So it would appear after the San Marino Moto GP at Misano that the Hondas aren’t unbeatable after all.
Casey Stoner took his Repsol Honda to yet another pole position, his eighth of the year, but defending champion Jorge Lorenzo of Spain jumped his factory Yamaha into the lead on the first lap and was never headed, riding a brilliant and consistent race to finish a comfortable seven seconds ahead of the first Honda – which wasn’t Stoner.
After pressing for the first half of the race, Stoner started to fall back and was gobbled up by his Repsol team-mate Dani Pedrosa at about 2/3 distance. Stoner made no excuses, said the bike was great, but “For the second half of the race I was just too tired, simple as that, I’m very grateful to have finished on the podium.” He blamed fatigue from working on the neck injury he received at Assen, plus having not slept well since the Indianapolis race last week.
On the other hand, Lorenzo was over the moon. “Today has been an incredible day … most importantly we have won again and also reduced a little bit our gap to Casey. I want to dedicate this victory to Wayne who returned to Misano this weekend.” That would be three-time world 500 cc champion Wayne Rainey, who became a paraplegic in 1993 after crashing at this same track and was on hand to help celebrate Yamaha’s 50th year of GP racing. When asked if it bothered him to come back to the scene of his tragedy, he simply said, “I was over that years ago.”
Loenzo still has a long way to go to catch Stoner to retain his world title, but he narrowed the gap to 35 points; 25 are awarded for a win, and there are five races left in the 18-event schedule.
The best racing of the day was for fourth, as Marco Simoncelli (San Carlo Gresini Honda), Andrea Dovizioso (Repsol Honda) and Ben Spies (factory Yamaha) got together in the last few laps, putting on a terrific display of passing and aggression. They finished in that order, the first time Simoncelli has beaten Dovizioso this year.
The Ducatis had a mixed day, Valentino Rossi doing well to finish seventh after running strongly as high as fifth, while Nicky Hayden’s usual Misano luck prevailed as he crashed out over some bumps on only the third lap. Rossi said, “I’m pretty happy because we didn’t expect to do this well. I didn’t think I’d be able to stay with the second group, which is our goal at the moment, and instead we managed it for half the race.”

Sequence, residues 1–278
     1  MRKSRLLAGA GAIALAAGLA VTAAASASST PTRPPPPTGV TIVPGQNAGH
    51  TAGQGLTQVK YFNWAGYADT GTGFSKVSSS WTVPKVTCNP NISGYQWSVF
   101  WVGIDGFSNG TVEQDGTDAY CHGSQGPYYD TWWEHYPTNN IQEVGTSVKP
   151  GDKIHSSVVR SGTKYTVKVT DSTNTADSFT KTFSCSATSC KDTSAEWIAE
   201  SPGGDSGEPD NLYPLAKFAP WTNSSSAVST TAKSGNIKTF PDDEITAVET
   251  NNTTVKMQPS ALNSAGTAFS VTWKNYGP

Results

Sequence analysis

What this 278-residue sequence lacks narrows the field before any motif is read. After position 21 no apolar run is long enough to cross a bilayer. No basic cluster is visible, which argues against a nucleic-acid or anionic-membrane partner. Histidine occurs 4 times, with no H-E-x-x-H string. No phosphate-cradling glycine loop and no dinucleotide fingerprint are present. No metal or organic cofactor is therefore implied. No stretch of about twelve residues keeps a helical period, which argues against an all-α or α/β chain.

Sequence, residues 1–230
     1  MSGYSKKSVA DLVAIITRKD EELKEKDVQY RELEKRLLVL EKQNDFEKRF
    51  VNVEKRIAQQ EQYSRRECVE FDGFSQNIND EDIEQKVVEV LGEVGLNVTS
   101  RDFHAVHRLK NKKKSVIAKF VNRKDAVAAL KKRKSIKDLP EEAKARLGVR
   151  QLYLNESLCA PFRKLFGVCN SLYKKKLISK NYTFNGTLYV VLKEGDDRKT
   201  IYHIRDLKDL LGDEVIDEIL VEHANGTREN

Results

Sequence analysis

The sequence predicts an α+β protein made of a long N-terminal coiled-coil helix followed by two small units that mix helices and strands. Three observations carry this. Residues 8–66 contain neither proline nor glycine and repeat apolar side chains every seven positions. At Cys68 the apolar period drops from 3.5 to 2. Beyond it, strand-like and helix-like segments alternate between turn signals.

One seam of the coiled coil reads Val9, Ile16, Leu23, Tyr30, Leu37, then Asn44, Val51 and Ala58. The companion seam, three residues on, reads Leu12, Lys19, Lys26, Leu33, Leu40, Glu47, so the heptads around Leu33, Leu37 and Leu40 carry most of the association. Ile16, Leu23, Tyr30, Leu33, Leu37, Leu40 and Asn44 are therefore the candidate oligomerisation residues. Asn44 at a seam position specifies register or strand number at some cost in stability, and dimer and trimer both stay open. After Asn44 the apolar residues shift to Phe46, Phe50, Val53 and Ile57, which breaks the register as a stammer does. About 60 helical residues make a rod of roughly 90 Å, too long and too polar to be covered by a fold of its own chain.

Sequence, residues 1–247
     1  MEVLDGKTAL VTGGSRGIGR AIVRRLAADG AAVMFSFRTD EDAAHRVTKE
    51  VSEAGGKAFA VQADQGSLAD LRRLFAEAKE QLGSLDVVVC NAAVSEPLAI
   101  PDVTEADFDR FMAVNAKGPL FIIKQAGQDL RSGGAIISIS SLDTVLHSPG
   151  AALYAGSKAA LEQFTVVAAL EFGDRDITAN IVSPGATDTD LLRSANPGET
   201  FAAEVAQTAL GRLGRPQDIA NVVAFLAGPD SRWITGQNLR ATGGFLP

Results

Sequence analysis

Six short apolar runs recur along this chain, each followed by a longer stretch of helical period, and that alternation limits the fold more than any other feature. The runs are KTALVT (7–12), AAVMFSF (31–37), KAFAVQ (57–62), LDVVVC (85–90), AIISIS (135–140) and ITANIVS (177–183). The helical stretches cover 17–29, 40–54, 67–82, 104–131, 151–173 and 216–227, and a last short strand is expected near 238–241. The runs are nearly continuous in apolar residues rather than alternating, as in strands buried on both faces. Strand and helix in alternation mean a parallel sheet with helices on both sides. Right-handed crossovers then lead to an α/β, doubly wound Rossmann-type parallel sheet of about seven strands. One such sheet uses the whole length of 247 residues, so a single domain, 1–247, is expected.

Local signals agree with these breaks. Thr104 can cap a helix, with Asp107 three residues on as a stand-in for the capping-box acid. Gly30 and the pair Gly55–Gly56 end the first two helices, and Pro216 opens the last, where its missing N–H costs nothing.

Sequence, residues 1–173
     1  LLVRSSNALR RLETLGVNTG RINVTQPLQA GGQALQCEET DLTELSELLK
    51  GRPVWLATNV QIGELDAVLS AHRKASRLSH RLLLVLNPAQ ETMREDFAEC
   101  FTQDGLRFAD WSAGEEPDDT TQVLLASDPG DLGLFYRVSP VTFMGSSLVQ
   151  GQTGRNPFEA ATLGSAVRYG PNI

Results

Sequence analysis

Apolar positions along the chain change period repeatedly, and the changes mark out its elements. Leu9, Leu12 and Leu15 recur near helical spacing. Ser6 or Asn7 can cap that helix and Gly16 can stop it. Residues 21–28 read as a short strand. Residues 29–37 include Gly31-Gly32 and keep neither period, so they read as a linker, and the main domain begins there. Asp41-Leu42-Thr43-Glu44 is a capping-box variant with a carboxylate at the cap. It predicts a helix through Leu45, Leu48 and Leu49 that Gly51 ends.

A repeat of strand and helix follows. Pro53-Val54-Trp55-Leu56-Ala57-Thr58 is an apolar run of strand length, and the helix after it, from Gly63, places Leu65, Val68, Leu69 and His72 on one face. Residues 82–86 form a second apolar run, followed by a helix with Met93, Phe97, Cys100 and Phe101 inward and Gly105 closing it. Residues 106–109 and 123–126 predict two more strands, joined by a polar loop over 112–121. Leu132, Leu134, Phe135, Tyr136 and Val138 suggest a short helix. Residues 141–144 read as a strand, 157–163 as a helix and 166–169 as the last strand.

That was a more philosophical comment than that of his new helmet design, which is basically a big cartoon balloon full of fake comic strip profanity like bombs, exclamation points, black clouds and skull-and-crossbones. It’s hilarious.
The Doviziso/Simoncelli fight may be more important than it sounds (Dovizioso is third in the standings, Simoncelli eighth) because the 2012 silly season for contract negotiations is already seriously underway. Simoncelli, whose bike is supposed to be the same spec as the Repsol machines, is insisting on a formal upgrade to his position, while Dovizioso points to his record and asks why Honda would trade down in rider results.
Both men have other offers on the table and have threatened to leave if their demands aren’t met; Dovi has been talking with Yamaha while Ducati is known to be interested in Simoncelli. There’s at least one seat available at Yamaha’s Tech 3 team, but with both Valentino Rossi and Nicky Hayden under contract for 2012 it’s hard to see anything but a customer bike available there for “Super Sic.”
The seat at Tech 3 is being vacated by Colin Edwards, who’s leaving to join one of the new Claiming Rule Teams for 2012. He’ll be riding on a bike run by the Forward team (currently in Moto 2), using a Yamaha engine. Edwards wants Tech 3 to build the frame and has been talking to long-time friend and engineer Guy Coulon about it. That might mean a little rules circumvention, as the CRT bikes are supposed to have no factory input …
Another departure from the field next year will be Loris Capirossi, who’s decided to quit after an amazing 22 years racing in all the various categories of GP bikes. He has 99 podiums in total, two 125 cc titles, and one 250 cc title.
There are some other riders who will almost certainly not be back (unless on one of the CRT teams), like Randy de Puniet, who’s had a horrible year on the LCR Honda. There will certainly be a bit of a rider shake-up, anyway, and hopefully an increase in grid numbers if the CRT concept takes off (free frame design, “production-based” engines, more fuel allowance, and a couple of other lessened restrictions).
World Championship Point Standings (after 13 of 18 races):
1.Casey Stoner, Australia, Repsol Honda, 259 points
2. Jorge Lorenzo, Spain, Yamaha Factory Racing, 224;
3. Andrea Dovizioso, Italy, Repsol Honda,185;
4. Dani Pedrosa, Spain, Repsol Honda, 150;
5. Ben Spies, U.S.A., Yamaha Factory Racing, 135
6. Valentino Rossi, Italy, Marlboro Ducati,133
7. Nicky Hayden, U.S.A., Marlboro Ducati, 105;
8. Marco Simoncellli, Italy, San Carlo Gresini Honda, 93
9. Colin Edwards, U.S.A., Monster Tech 3 Yamaha, 87
10. Hioshi Aoyama, Japan, San Carlo Gresini Honda, 82.
Next race, Motorland Aragon, Spain, September 18.